A cover letter is a one-page business document that should complement a CV or a resume in a job application. Its purpose is to:
1. Introduce you to hiring managers
2. Provide details about your qualifications
3. Tell employers why you want to work for them
4. Illustrate why you're the best match for the job
5. Explain circumstances like job hopping or gaps in employment
Note: Do not replicate your resume in your cover letters. Your cover letter should complement your resume, not repeat it.
Prepare to write your cover letter.
First, review the job requirements and compare them to your relevant qualifications.
Make a checklist of your:
Notable accomplishments from previous jobs and volunteer work.
Skills that match the required skills in the job ad. Include a mix of hard and soft skills.
Educational qualifications, including certificates and licenses.
Awards and honors.
Next, research the company to:
1. Get an idea of the culture and their mission and values so you can tell the hiring manager how well you fit and why.
2. Take note of the company's news and press releases so you can highlight how you can help them reach their goals or congratulate them on a milestone.
3. Learn the hiring manager's name, so you can address your cover letter to them.
Add your contact information.
Place your name, city, state, ZIP code, phone number and email address in your cover letter heading. Your email address should be professional like firstname.lastname@example.org and not personal like email@example.com. Include links to your LinkedIn profile or professional online portfolio if you have one.
The third step is to add the recipient’s address.
First, write the current date followed by a space. Then include the hiring manager's name and title, company address and hiring manager's email address (in that order).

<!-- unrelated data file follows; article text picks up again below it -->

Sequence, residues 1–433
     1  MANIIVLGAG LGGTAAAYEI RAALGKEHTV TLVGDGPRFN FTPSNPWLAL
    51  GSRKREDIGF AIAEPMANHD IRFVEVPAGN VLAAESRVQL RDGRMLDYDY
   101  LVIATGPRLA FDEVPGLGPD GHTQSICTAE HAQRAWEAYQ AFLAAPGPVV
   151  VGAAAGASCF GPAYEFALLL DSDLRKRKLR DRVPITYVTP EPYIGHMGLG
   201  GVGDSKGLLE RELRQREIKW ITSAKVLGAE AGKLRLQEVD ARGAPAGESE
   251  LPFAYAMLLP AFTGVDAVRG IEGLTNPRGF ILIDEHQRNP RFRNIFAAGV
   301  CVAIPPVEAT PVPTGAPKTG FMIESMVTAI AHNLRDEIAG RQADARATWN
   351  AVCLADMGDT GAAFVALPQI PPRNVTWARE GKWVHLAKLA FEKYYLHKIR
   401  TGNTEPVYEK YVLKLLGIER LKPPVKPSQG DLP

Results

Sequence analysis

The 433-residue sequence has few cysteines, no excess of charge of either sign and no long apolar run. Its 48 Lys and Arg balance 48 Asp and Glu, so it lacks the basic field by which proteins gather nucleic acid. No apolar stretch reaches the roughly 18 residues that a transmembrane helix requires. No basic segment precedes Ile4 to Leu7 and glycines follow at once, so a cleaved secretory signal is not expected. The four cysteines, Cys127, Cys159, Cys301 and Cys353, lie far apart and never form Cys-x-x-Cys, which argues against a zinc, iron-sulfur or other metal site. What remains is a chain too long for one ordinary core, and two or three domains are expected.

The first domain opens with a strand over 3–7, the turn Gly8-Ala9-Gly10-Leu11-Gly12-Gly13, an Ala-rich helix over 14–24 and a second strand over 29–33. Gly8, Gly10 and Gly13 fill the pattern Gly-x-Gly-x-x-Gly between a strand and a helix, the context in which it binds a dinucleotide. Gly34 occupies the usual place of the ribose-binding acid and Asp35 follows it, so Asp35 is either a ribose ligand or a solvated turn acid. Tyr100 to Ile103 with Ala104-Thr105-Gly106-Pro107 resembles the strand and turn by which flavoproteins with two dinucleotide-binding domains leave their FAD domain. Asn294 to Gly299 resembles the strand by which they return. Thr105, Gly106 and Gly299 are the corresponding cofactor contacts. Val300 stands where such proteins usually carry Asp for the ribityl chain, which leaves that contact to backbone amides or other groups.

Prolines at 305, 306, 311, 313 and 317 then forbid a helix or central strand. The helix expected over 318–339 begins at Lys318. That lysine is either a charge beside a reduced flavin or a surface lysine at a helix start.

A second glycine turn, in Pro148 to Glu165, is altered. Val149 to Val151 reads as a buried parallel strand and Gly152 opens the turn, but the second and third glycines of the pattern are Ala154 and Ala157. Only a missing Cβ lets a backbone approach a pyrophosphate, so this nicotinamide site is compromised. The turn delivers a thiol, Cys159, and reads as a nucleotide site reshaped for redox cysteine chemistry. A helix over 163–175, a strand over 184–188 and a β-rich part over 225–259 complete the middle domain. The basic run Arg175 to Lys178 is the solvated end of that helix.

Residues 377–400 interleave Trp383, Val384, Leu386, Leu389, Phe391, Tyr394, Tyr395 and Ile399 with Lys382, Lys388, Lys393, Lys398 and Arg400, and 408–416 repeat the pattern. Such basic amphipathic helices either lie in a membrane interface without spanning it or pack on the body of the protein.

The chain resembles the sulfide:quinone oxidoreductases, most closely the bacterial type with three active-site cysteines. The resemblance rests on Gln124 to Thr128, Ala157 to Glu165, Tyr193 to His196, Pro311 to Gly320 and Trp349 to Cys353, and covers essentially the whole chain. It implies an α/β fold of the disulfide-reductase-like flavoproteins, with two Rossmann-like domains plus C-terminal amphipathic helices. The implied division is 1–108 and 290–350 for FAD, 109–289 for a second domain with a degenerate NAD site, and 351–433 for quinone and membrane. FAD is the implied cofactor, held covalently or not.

Address the hiring manager (by name).
Use the hiring manager's name (unless the job ad specifies a department or HR team member), avoiding titles like "Mr." or "Mrs." unless you are certain of the person's gender.
"Dear [hiring manager's full name]," but if your research doesn't turn up a name, then use "Dear Hiring Manager" or "Dear Hiring Team." If you know their title, then write "Dear [Title]".
Don't use informal language like "Hello," or "Hi," or old-fashioned salutations like "Dear Sir or Madam," or "Dear Sir/Madam," or "To Whom it May Concern," to greet the person reading your letter.
Grab the hiring manager's attention with a powerful cover letter introduction.
The opening sentences of a cover letter should clearly and concisely tell hiring managers why you're interested in the job and they've got to be compelling.
Below are some introductory examples:
1. Exude confidence, passion and enthusiasm.
I was excited to see that Itech — a company I respect for its innovation — has an opening for an experienced lead producer.
2. Talk about your skills and experience.
With seven years of experience in production for leading start-up companies, I have in-depth knowledge of cyber security and cloud computing and know my way around artificial intelligence.
3. Show you’ve done some research.
Mention an interesting fact or statistic from an article, news story or the company’s website.
When I saw that Itech was touted in Business Magazine for being one of the most inclusive companies in the world, I knew I had to apply for the marketing associate position.
4. Highlight an impressive accomplishment, award or honor and use numbers when possible.